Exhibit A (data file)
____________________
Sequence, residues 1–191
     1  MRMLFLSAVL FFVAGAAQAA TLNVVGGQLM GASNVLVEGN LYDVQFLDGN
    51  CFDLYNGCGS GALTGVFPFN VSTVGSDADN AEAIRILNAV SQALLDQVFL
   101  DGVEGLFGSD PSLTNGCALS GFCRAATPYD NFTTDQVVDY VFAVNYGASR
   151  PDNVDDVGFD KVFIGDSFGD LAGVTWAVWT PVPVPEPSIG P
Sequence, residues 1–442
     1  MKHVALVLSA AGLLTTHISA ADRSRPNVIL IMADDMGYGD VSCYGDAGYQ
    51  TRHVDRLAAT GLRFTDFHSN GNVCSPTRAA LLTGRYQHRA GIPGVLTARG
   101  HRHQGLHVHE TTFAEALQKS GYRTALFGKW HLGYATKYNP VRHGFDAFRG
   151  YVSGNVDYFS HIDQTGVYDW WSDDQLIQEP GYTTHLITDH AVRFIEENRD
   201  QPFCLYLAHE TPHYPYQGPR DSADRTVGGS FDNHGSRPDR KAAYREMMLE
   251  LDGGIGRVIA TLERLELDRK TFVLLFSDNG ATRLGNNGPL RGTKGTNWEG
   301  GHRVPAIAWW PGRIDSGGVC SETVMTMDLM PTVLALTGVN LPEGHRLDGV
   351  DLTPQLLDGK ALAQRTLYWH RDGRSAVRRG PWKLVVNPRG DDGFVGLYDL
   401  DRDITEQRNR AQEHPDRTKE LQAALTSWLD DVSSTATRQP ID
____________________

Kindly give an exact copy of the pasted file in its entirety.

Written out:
Sequence, residues 1–191
     1  MRMLFLSAVL FFVAGAAQAA TLNVVGGQLM GASNVLVEGN LYDVQFLDGN
    51  CFDLYNGCGS GALTGVFPFN VSTVGSDADN AEAIRILNAV SQALLDQVFL
   101  DGVEGLFGSD PSLTNGCALS GFCRAATPYD NFTTDQVVDY VFAVNYGASR
   151  PDNVDDVGFD KVFIGDSFGD LAGVTWAVWT PVPVPEPSIG P
Sequence, residues 1–442
     1  MKHVALVLSA AGLLTTHISA ADRSRPNVIL IMADDMGYGD VSCYGDAGYQ
    51  TRHVDRLAAT GLRFTDFHSN GNVCSPTRAA LLTGRYQHRA GIPGVLTARG
   101  HRHQGLHVHE TTFAEALQKS GYRTALFGKW HLGYATKYNP VRHGFDAFRG
   151  YVSGNVDYFS HIDQTGVYDW WSDDQLIQEP GYTTHLITDH AVRFIEENRD
   201  QPFCLYLAHE TPHYPYQGPR DSADRTVGGS FDNHGSRPDR KAAYREMMLE
   251  LDGGIGRVIA TLERLELDRK TFVLLFSDNG ATRLGNNGPL RGTKGTNWEG
   301  GHRVPAIAWW PGRIDSGGVC SETVMTMDLM PTVLALTGVN LPEGHRLDGV
   351  DLTPQLLDGK ALAQRTLYWH RDGRSAVRRG PWKLVVNPRG DDGFVGLYDL
   401  DRDITEQRNR AQEHPDRTKE LQAALTSWLD DVSSTATRQP ID